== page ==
Posture is the state of balance and coordination of musculoskeletal and visceral systems. Skeletal asymmetry is a major source of muscle strain inasmuch as compensatory muscular control is necessary to maintain a working posture and to keep the eyes level. For example, a length discrepancy between the lower limbs causes a chain reaction of muscular overloads of the entire musculoskeletal system. The tilted pelvis requires contraction of the quadra-tus lumborum muscle to curve the lumbar spine in order to bring the rest of the body over the pelvis. Consequently, the spine above is tilted to the other side. This tilt requires further compensation of neck muscles such as the sternocleidomastoid and upper trapezius. This sustained contraction and overload facilitates the development of trigger points inside the postural muscles, from gastrocnemius through soleus, adductors, iliotibial band, gluteus muscles, piriformis, iliopsoas, quadratus lumborum, muscles of the shoulder girdle, trapezius, and neck muscles.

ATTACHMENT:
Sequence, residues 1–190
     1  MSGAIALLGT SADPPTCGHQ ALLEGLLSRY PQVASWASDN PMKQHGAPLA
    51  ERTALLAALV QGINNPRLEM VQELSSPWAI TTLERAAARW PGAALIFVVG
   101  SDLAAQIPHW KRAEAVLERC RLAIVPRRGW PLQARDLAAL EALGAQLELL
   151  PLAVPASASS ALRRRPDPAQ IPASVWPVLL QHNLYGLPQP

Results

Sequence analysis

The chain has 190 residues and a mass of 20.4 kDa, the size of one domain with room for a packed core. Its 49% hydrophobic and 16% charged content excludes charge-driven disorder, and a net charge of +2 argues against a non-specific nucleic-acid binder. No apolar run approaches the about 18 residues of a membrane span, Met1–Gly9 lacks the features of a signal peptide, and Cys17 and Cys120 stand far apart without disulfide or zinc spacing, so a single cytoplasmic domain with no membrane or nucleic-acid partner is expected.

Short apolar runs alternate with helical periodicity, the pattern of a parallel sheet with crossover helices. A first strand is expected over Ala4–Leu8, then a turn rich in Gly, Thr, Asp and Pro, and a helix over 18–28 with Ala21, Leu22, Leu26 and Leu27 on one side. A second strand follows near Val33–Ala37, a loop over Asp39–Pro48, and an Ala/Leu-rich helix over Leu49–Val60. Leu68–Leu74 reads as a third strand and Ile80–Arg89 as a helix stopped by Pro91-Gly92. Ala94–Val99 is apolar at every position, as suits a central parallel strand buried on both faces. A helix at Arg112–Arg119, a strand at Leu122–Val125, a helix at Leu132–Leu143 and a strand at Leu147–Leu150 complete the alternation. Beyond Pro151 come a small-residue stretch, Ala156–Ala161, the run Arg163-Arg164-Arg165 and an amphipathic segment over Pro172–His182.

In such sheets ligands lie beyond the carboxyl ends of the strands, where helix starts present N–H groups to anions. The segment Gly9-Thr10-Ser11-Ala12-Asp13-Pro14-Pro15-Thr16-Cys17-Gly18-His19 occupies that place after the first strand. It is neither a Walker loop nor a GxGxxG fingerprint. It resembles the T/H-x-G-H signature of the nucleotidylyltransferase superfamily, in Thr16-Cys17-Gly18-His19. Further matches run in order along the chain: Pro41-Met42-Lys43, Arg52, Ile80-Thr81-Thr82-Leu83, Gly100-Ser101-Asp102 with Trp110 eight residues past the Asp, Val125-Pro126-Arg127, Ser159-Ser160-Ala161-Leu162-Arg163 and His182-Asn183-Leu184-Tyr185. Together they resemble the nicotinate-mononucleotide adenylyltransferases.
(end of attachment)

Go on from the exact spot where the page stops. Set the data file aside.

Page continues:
Any of the muscles in this series can be the cause of a similar chain reaction if they are fatigued, rigid, shortened, or injured. This chain reaction degrades the coordination and function of the musculosk-eletal system and creates musculoskeletal pain. It has been shown that trigger points in one muscle may reflexively inhibit the activity of a functionally related muscle in the same region.5
Postural pain has both muscular and ligamen-tous origins. The critical role of muscle overload and muscle strain in posturally induced musculosk-eletal pain merits more clinical attention. A triggerpoint structure develops within muscles that have been affected by acute episodic overload, by sustained contraction (as in asymmetric posture), by excessive repetition of the same movement, or by being left in a shortened position for a period of time. In addition to the pain caused by muscles, electromyographic data demonstrate that sustained tension on the joint capsule and ligaments can also cause pain.6 Thus endogenous contracture, as well as a trigger-point structure, develops in joint capsules and ligaments. Knowledge of this physiologic process helps clinicians understand why athletes, and even nonathletic healthy people, need regular integrative systemic dry needling (ISDN) to restore and maintain normal physiology of the soft tissues.
Was this article helpful?
This ebook provides an introductory explanation of the workings of the human body, with an effort to draw connections between the body systems and explain their interdependencies. A framework for the book is homeostasis and how the body maintains balance within each system. This is intended as a first introduction to physiology for a college-level course.